SJC Announces New Test to Determine When Public Land Falls within Protections of Article 97
In Smith v. City of Westfield, the Supreme Judicial Court broadened the application of article 97 of the Massachusetts Constitution, holding that its conservation protections apply to any land that a municipality has expressed a “clear and unequivocal intent” to preserve as a public park.
As chronicled in our earlier post, this case involves a parcel of land containing a playground and two little league fields in the city of Westfield. The city developed plans to build an elementary school on the 5.3-acre parcel, but a group of city residents sued to stop construction, claiming that the parcel is park land protected by article 97.
Article 97 provides that land taken or acquired for conservation purposes may not be sold or converted to other uses without an affirmative 2/3 roll call vote of the state legislature. This requirement can be a significant hurdle to changing the use of lands subject to such protection. The question before the Westfield Court was whether the land was protected by Article 97. The Appeals Court had held that article 97 does not apply without a formally recorded restriction limiting the use of the land to conservation or recreational purposes. A concurring opinion from Justice Milkey, voicing concerns that such a strict requirement robbed article 97 of its intended force, urged the SJC to revisit the precedents underlying that decision.
The SJC did just that. It vacated the Appeals Court’s decision, and held that the recording of a deed or conservation restriction is not required to bring public land within the protection of article 97. According to the SJC, land is protected under article 97 when a city or town evinces a “clear and unequivocal intent to dedicate the land permanently as a public park and where the public accepts such use by actually using the land as a public park.”
The court examined the “totality of the circumstances” to determine whether the clear and unequivocal intent standard was met. For the Westfield playground, the determinative factor was that the city had accepted federal conservation funds to rehabilitate the playground. Those funds were accompanied by a statutory proviso preventing the city from converting the land to a use other than for public outdoor recreation without approval of the Secretary of the Interior. Acceptance of those funds, the Court reasoned, established the city’s clear and unequivocal intention to permanently preserve the land as a public park, which triggered the protection of Article 97.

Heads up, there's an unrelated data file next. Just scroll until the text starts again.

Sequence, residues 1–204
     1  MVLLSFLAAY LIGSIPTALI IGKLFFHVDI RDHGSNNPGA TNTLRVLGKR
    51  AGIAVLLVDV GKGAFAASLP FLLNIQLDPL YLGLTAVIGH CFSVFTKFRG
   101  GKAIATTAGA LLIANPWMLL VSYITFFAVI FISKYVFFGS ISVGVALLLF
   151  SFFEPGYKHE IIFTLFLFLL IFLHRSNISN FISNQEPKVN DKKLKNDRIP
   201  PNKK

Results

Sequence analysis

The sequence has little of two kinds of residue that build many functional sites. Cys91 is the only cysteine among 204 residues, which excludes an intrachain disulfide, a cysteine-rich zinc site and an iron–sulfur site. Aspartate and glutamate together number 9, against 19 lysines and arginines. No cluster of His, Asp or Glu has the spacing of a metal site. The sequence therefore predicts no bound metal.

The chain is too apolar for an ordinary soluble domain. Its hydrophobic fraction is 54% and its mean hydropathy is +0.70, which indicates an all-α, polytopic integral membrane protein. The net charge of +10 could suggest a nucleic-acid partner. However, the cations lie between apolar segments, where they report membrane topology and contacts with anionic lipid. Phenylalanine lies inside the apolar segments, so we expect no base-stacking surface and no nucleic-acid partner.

The SJC also identified several other facts relevant to the analysis: the land had been used as a public park for more than sixty years; control of the land was formally turned over to the playground commission; and the city had passed an ordinance naming the parcel the “John A. Sullivan Memorial Playground.”
The SJC’s ruling replaces an objective test for determining whether land is protected by article 97—a recorded restriction on the land—with a more subjective, multi-factor test focused on identifying the city or town’s “clear and unequivocal intent” from a variety of factors On it face, the decision seemingly affords greater protection for public park and conservation lands. But the decision may have unintended consequences. By creating a playground or a ball field, accepting grant funds to rehabilitate it, placing the land under the control of a parks and recreation commission, or giving a playground a memorial name, a city or town may loose the flexibility to repurpose the land for other important uses—such as an elementary school—in the future. As a result, the city or town may simply not create, rehabilitate, transfer, or name the playground in the first instance. At a minimum, the SJC’s decision threatens to create uncertainty and reduce a municipality’s ability to predict when article 97 will apply to public land.
The best time for a city or town to state its “clear and unequivocal intent” is when it takes or acquires the land in the first instance. Land taken or acquired for “general municipal use,” placed under the care, custody, and control of the board of selectmen or the city council, and used for non-article 97 purposes is likely to be viewed quite differently than land taken or acquired for “park or conservation use,” transferred to the care, custody, and control of a park and recreation or conservation commission, and devoted to an article 97 use.
The problem, of course, is that not all transactions are as clear, simple, and transparent. Much of the land that may now be eligible for article 97’s protections under the SJC’s decision will, as in Westfield, have “backed into” that protection over time. As a result, there are likely to be more fact-specific disputes about what is and is not a “clear and unequivocal intent” to subject public land to article 97’s protections. And more of these disputes are likely to end up in court as conservationists are emboldened by the SJC’s decision and fiscal conservatives seek to avoid its protections so they can develop new projects by repurposing public land rather than by incurring the cost of acquiring new land.
Posted In: Land Use